The belief that social commentary is needed to redeem a work of romance, is an excellent example of an attitude which darkens many critics’ eyes. This scholar feels that to validate Austen, she must show that Jane did engage in some broader social commentary.

Going to school myself, I felt the pressure to write about what my teachers thought was important, and however much the author of this introduction herself buys into the idea that social commentary redeems romances, in her sentence I sense something of that pressure to justify herself to the teachers — now her colleagues. Perhaps when she was young she liked Austen for the personal and romantic, and now, by maintaining that Austen is a commentator on larger societal movements, she defends Austen from the contumely of those who would look down their noses at an authoress who “merely” deals with the more personal aspects of being human. Perhaps she defends Austen from the despite of the critic that she herself has become.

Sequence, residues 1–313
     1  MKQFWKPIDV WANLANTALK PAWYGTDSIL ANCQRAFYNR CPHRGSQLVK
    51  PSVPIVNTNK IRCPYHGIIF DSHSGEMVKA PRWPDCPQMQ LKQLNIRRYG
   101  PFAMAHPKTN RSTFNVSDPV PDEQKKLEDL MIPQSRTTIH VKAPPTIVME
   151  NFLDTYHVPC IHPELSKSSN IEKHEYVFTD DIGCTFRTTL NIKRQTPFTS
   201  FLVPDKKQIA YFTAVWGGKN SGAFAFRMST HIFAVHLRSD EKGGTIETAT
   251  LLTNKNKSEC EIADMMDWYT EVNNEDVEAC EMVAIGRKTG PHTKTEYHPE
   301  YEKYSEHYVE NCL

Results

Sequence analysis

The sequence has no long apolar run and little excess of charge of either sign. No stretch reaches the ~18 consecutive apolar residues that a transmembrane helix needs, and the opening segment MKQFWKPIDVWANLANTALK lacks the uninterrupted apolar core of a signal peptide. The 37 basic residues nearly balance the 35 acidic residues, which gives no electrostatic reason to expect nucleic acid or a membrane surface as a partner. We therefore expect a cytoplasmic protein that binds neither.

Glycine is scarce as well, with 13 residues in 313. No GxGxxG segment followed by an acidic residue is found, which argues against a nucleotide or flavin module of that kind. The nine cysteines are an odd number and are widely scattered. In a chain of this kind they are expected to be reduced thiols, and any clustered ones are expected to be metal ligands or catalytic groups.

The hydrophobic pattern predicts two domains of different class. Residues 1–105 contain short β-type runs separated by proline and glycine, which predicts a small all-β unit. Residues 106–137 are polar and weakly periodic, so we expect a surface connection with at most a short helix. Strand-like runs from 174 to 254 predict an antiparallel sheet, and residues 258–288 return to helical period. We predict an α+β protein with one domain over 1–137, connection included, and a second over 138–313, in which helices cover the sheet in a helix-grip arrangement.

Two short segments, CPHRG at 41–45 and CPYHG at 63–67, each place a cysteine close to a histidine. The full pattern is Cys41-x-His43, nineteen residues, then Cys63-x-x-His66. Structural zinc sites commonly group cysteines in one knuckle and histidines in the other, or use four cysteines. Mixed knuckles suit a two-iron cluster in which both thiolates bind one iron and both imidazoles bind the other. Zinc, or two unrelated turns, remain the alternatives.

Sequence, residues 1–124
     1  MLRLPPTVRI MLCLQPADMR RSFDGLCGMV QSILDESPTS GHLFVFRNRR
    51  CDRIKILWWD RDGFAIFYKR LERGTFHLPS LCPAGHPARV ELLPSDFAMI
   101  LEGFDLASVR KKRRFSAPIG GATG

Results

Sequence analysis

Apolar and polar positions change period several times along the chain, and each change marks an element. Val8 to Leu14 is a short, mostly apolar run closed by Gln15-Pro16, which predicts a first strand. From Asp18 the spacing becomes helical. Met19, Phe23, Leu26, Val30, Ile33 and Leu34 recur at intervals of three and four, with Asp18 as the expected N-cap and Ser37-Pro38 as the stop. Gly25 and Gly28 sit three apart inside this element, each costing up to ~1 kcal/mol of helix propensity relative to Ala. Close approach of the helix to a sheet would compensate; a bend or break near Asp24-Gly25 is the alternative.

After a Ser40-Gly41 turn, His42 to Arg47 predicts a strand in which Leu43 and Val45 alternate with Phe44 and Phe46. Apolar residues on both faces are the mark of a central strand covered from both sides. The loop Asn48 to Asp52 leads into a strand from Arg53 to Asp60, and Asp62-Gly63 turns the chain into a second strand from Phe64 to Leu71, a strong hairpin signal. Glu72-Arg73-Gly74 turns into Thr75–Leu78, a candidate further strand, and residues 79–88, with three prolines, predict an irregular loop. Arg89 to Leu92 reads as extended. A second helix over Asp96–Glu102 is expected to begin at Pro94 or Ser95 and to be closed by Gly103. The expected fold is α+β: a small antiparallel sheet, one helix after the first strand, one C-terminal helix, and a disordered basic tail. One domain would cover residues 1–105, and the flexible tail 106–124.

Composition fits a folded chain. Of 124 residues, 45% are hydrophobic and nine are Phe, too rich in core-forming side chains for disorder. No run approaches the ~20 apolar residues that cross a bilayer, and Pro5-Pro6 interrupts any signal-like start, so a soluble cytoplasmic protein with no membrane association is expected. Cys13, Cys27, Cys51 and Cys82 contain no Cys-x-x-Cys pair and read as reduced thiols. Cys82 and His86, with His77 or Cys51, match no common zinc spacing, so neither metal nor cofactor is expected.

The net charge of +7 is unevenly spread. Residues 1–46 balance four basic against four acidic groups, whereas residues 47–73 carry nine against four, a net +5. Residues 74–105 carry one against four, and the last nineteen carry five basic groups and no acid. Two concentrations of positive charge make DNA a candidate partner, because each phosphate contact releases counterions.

But now am on thin ice as a critic — building a biography for this introduction writer from part of one sentence.

Though it might seem like it, I don’t feel that defending Austen merely on her skill at depicting the personal (as opposed to the idea that she is only valuable if she took up her pen to critique features of the broader society ) is making a defense of child-like simplicity versus sophistication. I think that artwork highly conscious of, or built around, ideas of social change is often crude and caricaturesque. Are not Austen’s characters more finely drawn, more human, than those characters who are created and enlisted by their author to make a statement about society?